• Grants-in-aid to state and local governments (line 20) turned down in the third quarter, reflecting the pattern of spending for various COVID-19 response efforts appropriated through the CRRSA Act and the American Rescue Plan Act. General economic and labor affairs grants turned down, reflecting decreased funding from the Coronavirus State and Local Fiscal Recovery Funds to help state and local governments bridge budget shortfalls. Education grants decelerated, reflecting decreased spending from the Education Stabilization Fund to support COVID-19 response activities in schools. Welfare and social services grants also decelerated in the third quarter, reflecting a deceleration in the payments to states for the Child Care and Development Block Grant Act.
  • Other current transfer payments to the rest of the world (line 21) turned up, reflecting a $2.0 billion ($8.0 billion at an annual rate) payment to COVAX for the international effort to vaccinate against COVID-19, $1.5 billion ($6.0 billion at an annual rate) to the Global Fund to Fight AIDS, Tuberculosis and Malaria, and $0.7 billion ($2.8 billion at an annual rate) in economic support payments to the country of Jordan.
  • Interest payments (line 22) accelerated, reflecting an acceleration in interest paid on treasury inflation protected securities.
  • Subsidies (line 23) turned down in the third quarter, reflecting a decrease in funds appropriated through the CARES Act. Notably, Paycheck Protection Program (PPP) loans to businesses turned down. Second-quarter loans were boosted by a new round of PPP loans authorized by the CSSRA. Air carrier subsides turned down, reflecting a decrease in payroll support payments to airlines. Agricultural subsidies turned down in the third quarter, reflecting a decrease in payments to farmers from the Coronavirus Food Assistance Program as well as PPP loans to farmers. Economic injury disaster loans turned down, reflecting decreased loans to small businesses affected by the pandemic. These downturns were partially offset by an upturn in subsidies related to the Public Health and Social Service Emergency Fund. Emergency grants to closed entertainment venues and restaurant revitalization subsidies both accelerated in the third quarter; these funds were established in the second quarter and provide emergency assistance to eligible venues and restaurants affected by the pandemic.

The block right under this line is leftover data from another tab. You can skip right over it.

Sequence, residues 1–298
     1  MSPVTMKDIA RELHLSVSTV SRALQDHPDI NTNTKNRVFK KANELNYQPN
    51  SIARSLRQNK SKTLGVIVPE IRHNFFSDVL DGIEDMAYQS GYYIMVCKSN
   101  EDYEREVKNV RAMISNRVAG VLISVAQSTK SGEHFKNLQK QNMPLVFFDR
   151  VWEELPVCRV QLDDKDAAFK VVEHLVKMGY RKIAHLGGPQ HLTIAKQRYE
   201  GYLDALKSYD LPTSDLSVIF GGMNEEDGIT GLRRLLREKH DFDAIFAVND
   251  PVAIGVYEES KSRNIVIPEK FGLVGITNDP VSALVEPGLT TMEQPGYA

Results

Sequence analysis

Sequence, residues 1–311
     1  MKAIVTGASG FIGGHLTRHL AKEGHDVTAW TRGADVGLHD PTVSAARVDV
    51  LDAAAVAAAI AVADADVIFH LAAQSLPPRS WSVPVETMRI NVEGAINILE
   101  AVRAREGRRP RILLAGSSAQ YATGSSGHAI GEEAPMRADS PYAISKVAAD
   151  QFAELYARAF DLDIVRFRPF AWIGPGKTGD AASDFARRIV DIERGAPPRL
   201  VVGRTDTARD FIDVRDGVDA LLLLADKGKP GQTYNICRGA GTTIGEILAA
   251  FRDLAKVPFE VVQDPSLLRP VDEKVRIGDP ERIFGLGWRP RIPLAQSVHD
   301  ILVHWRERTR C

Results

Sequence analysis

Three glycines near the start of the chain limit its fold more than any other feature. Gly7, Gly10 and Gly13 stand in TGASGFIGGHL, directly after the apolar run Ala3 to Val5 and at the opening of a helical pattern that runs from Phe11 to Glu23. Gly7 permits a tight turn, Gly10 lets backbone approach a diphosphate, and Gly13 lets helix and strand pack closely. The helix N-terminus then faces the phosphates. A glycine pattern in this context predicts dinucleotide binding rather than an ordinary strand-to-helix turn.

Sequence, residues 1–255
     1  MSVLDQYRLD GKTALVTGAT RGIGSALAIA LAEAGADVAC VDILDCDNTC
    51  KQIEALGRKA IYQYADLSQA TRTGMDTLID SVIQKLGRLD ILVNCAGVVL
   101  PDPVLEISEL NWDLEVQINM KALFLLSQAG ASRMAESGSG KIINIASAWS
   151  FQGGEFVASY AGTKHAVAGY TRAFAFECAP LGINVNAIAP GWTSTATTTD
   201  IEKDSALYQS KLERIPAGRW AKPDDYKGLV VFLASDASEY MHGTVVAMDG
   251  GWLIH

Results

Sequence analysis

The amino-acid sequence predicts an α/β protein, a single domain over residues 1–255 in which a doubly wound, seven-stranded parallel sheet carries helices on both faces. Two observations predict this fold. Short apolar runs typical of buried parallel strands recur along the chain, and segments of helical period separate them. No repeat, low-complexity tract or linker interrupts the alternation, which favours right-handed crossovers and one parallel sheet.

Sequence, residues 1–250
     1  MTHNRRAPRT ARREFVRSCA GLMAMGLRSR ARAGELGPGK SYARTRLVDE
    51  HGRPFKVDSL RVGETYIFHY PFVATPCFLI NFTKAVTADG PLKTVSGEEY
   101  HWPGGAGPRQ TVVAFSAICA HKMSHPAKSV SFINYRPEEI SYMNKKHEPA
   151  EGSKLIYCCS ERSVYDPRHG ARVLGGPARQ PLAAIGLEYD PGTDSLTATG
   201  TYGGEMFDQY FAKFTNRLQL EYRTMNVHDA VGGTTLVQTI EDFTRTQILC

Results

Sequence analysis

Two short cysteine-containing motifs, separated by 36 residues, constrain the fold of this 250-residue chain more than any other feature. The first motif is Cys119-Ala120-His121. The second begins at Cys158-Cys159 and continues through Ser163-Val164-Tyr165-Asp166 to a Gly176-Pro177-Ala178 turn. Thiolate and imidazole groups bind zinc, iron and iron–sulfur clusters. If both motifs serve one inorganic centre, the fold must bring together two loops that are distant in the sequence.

• Capital transfer payments (line 33) turned up in the third quarter, reflecting disaster-related National Flood Insurance Program payments for insurance settlements related to Hurricane Ida.
Table 2. Federal Government Current Receipts and Expenditures
(Billions of dollars, seasonally adjusted at annual rates)
Line   Level Change from preceding quarter
2021 2020 2021
III IV I II III
1 Current receipts 4,310.9 124.6 167.5 195.2 133.1
2 Current tax receipts 2,515.4 95.2 147.0 134.3 87.1
3 Personal current taxes 2,019.3 74.7 115.0 94.2 73.2
4 Taxes on production and imports 173.0 5.3 9.6 11.6 −4.8
5 Taxes on corporate income 293.1 13.4 21.3 28.7 18.0
6 Taxes from the rest of the world 30.0 1.7 1.1 −0.1 0.7
7 Contributions for government social insurance 1,591.1 42.2 31.9 37.8 35.4
8 Income receipts on assets 150.3 −16.1 −6.8 29.5 11.3
9 Current transfer receipts 55.6 4.0 −3.8 −6.1 −1.1
10 Current surplus of government enterprises −1.5 −0.6 −0.8 −0.3 0.4
             
11 Current expenditures 6,560.8 −1,251.6 2,116.2 −580.9 −929.7
12 Consumption expenditures 1,196.4 −5.3 55.8 −11.8 −11.7
13 National defense 710.3 10.5 −6.1 2.6 0.3
14 Nondefense 486.0 −15.8 62.0 −14.5 −12.1
15 Current transfer payments 4,298.4 −634.5 2,284.3 −863.7 −783.1
16 Government social benefits 3,164.9 −636.0 2,240.1 −1,705.7 −236.8
17 To persons 3,136.6 −629.2 2,231.5 −1,698.3 −235.7
18 To the rest of the world 28.3 −6.8 8.6 −7.4 −1.1
19 Other current transfer payments 1,133.5 1.4 44.4 842.0 −546.4
20 Grants-in-aid to state and local governments 1,057.1 4.5 38.5 850.7 −575.1
21 To the rest of the world 76.4 −3.1 5.9 −8.7 28.7
22 Interest payments 511.6 −9.8 −9.2 1.3 7.8
23 Subsidies 554.4 −601.9 −214.8 293.2 −142.6
             
24 Net federal government saving −2,249.9 1,376.2 −1,948.8 776.2 1,062.8
25 Social insurance funds −604.0 518.0 −244.9 119.8 225.1
26 Other −1,645.9 858.2 −1,703.9 656.4 837.7
             
  Addenda:
27 Total receipts 4,333.4 124.7 168.2 195.8 134.6
28 Current receipts 4,310.9 124.6 167.5 195.2 133.1
29 Capital transfer receipts 22.5 −0.1 0.9 0.5 1.5
30 Total expenditures 6,686.3 −1,243.8 2,302.2 −768.6 −931.8
31 Current expenditures 6,560.8 −1,251.6 2,116.2 −580.9 −929.7